Key Tasks for January
Keep off the surface as much as possible. A little bit of mowing, should conditions allow, and some aeration is usually sufficient:
- Tip grass, if necessary, maintaining a winter height cut of 10-12mm
- Carry out inspection and maintenance of machinery and irrigation equipment
- Service equipment and replace any worn or damaged parts
- Check for diseases and pests, seek advice if necessary
- Clean up any leaf debris
- Spike, if and when possible, and only if conditions are right
- Maintenance of fences and hedges
January, in many respects, is likely to model December fairly closely with warmer periods giving way to cold snaps, particularly as we head into the second half of the month.
Once again, let’s consider the pros and cons of each:
Pros: If soil temperatures rise above 10 degrees Celsius, then good growth will promote recovery on disease scars and worn areas, as well as push along seeded areas following renovation events during early autumn.
Cons: Warmer conditions which promote growth can encourage fungal diseases, especially when they occur alongside high relative humidity and low air movement.
Pros: Once temperatures drop to zero or below, fungal diseases will also draw to a halt.
Cons: Grass growth stops once soil temperatures hit low single figures, thus reducing recovery and establishment growth. In addition, cold conditions place an abiotic stress demand on the plant leaf tissues.
January represents the ideal time to engage in planning and education. Along with all other land-based industries the Sports Turf sector faces a number of challenges, both in the present here and now, as well as on the horizon for the next 5–10 years.
Primarily, those challenges can be categorised into the following:
Engaging in continued professional development at events such as BIGGA’s excellent British Turf Management Exhibition, over 22nd–24th January, is an excellent way to spend time with other like-minded individuals and engage in discussion and events designed to help transfer and expand the industry’s knowledge base. 2019 represents the first year Pitchcare will be represented at BTME under the Maxwell product brand, and consequently it provides opportunity to meet with the people behind the scenes at the company to give feedback and ask questions on all things sports turf management.
Planning fertiliser inputs via the creation of fertiliser programmes is a long established and accepted practice in the turf management sector. With an increasing emphasis on Integrated Pest Management as both best and most effective practice when tackling a range of turf management factors, transitioning that same thought process and working practice into a number of areas is both wise and necessary.
An annual management plan for the following areas are all as equally valid as a fertiliser plan:
Ø Water management plan – surfactant wetting agents for intensive drought and wet periods, programmed application timings.
Ø Disease management plan – cultural operations to improve grass species composition, soil ecosystem diversity, non-pesticidal disease management, chemical controls.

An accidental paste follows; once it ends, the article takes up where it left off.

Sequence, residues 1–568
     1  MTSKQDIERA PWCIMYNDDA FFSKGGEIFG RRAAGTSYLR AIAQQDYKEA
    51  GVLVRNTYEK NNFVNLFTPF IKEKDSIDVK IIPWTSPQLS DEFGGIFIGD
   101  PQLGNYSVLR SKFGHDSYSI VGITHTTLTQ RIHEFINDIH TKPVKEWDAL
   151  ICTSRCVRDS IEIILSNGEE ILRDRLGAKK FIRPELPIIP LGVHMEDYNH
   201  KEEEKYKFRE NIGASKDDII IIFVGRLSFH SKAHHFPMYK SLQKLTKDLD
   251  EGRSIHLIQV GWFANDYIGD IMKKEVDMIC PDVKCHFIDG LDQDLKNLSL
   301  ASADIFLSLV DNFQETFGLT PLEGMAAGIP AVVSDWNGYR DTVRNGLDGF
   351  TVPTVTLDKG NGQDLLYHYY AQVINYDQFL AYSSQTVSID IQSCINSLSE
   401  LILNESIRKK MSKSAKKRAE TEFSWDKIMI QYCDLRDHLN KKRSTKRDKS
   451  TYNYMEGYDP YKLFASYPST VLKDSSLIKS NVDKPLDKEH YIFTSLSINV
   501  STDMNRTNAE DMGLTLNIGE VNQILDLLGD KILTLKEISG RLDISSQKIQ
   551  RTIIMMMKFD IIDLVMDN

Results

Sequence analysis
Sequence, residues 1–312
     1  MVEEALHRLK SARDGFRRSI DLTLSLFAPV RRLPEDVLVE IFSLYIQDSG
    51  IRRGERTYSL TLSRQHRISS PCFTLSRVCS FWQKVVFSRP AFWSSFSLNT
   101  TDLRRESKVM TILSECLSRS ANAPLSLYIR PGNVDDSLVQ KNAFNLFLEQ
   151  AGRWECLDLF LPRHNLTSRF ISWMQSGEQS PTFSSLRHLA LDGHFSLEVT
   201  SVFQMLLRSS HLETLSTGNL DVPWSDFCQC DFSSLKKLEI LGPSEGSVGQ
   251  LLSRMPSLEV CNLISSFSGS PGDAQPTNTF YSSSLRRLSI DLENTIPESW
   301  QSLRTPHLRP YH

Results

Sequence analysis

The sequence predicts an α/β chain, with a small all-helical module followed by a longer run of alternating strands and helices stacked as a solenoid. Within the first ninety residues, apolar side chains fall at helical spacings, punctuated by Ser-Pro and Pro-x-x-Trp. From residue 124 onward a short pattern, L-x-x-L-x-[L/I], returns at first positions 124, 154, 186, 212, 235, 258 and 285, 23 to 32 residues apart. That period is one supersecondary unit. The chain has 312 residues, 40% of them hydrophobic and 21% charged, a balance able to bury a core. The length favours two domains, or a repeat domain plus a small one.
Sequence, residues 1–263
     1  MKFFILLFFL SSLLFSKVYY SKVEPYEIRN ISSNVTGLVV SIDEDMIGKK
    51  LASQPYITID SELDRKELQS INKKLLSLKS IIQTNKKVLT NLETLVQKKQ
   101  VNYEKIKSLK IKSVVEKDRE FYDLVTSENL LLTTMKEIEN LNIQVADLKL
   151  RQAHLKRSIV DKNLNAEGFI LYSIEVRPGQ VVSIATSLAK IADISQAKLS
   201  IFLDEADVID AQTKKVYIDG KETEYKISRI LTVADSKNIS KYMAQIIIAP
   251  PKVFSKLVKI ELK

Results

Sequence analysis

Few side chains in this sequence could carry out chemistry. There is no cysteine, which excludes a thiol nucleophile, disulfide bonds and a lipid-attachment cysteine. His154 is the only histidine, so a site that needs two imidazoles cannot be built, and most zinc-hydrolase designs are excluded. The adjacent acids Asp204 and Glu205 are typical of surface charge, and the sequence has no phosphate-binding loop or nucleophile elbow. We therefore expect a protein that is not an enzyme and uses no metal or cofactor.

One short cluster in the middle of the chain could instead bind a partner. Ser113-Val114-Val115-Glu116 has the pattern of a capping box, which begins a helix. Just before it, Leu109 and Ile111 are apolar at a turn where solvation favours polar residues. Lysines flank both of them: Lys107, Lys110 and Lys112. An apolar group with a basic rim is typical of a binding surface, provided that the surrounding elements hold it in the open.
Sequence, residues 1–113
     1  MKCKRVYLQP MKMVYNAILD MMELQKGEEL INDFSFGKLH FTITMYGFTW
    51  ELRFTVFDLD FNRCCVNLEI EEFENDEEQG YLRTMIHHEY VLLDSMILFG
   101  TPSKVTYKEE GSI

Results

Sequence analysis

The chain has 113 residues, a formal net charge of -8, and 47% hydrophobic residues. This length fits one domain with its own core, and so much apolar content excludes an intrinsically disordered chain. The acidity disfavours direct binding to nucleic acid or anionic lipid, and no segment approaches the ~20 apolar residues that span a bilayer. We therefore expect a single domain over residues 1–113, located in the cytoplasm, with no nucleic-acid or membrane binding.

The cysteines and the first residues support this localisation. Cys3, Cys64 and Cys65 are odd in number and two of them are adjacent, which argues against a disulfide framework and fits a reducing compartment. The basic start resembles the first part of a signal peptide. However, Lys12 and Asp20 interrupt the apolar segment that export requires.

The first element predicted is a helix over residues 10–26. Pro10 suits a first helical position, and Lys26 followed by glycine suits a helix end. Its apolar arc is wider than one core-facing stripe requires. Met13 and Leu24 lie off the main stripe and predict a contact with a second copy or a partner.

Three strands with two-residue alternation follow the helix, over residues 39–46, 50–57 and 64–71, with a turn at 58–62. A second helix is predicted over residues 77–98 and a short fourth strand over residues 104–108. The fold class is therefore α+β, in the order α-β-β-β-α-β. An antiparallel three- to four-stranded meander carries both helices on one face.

Ø Worm management plan – identification of pressure points, reduction of surface organic matter, top dressing with sand, surface acidification.
Ø Insect pest management plan – identification of pest species, monitoring of life cycle, treatment protocols.
Underpinning the success of all of the examples set out above are; communication, knowledge and education, planning, monitoring and recording.
2018 was a challenging year for turf managers; so, set about reflecting on those challenges, then go about implement how to position yourself and your organisation with the means to meet any challenges you may encounter in 2019 and beyond.
Times are not changing, they have changed.
Are you ready to meet the challenge?
It is important to maintain machines by carrying out regular servicing and repairs.
With minimum work needed on the green, use the time to take some machines out of operation for an overhaul.
- Keep machines overhauled and clean
- Maintain a stock of consumables for your machinery, replace worn and damaged parts as necessary.
- Keep an eye on your material stocks (seed, topdressing, petrol, oil), remembering to replenish as required.
- Service machinery and equipment - changing oil / air filters and greasing up moving parts and sharpening mower blades.
Our Lantra Accredited Bowls Green Maintenance Course is now available as an online course.
Now you can learn about maintaining a bowls green in the comfort of your own home and in your own time. This newly developed course consists of a number of videos with assessment questions, and an accompanying hard copy Course Manual. The Online Course is Lantra accredited and provides you with all the basic knowledge required to maintain a green over a 12 month period. There is also the option of attending a one day practical course.
Pitchcare is the only provider of LANTRA accredited training courses in the maintenance of Bowls Greens.
We can also arrange Lantra accredited training on site to groups of 6 – 10 people. Email Carol Smith for information.
The Course Manual is available for purchase separately.